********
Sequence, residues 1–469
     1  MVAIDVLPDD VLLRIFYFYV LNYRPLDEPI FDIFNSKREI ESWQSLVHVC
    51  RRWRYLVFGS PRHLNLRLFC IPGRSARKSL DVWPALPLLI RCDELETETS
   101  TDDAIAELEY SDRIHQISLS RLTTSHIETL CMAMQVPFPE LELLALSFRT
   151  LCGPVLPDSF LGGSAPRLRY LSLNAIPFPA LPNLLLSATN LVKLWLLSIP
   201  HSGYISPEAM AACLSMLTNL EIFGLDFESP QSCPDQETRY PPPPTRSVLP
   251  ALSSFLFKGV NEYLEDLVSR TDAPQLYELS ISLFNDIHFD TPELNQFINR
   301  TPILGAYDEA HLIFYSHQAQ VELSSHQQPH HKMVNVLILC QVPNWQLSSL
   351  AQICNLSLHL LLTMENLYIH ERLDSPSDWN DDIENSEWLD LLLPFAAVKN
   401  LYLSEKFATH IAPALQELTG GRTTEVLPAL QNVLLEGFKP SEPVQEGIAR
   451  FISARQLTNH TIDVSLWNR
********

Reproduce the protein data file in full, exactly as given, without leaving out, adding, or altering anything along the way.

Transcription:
Sequence, residues 1–469
     1  MVAIDVLPDD VLLRIFYFYV LNYRPLDEPI FDIFNSKREI ESWQSLVHVC
    51  RRWRYLVFGS PRHLNLRLFC IPGRSARKSL DVWPALPLLI RCDELETETS
   101  TDDAIAELEY SDRIHQISLS RLTTSHIETL CMAMQVPFPE LELLALSFRT
   151  LCGPVLPDSF LGGSAPRLRY LSLNAIPFPA LPNLLLSATN LVKLWLLSIP
   201  HSGYISPEAM AACLSMLTNL EIFGLDFESP QSCPDQETRY PPPPTRSVLP
   251  ALSSFLFKGV NEYLEDLVSR TDAPQLYELS ISLFNDIHFD TPELNQFINR
   301  TPILGAYDEA HLIFYSHQAQ VELSSHQQPH HKMVNVLILC QVPNWQLSSL
   351  AQICNLSLHL LLTMENLYIH ERLDSPSDWN DDIENSEWLD LLLPFAAVKN
   401  LYLSEKFATH IAPALQELTG GRTTEVLPAL QNVLLEGFKP SEPVQEGIAR
   451  FISARQLTNH TIDVSLWNR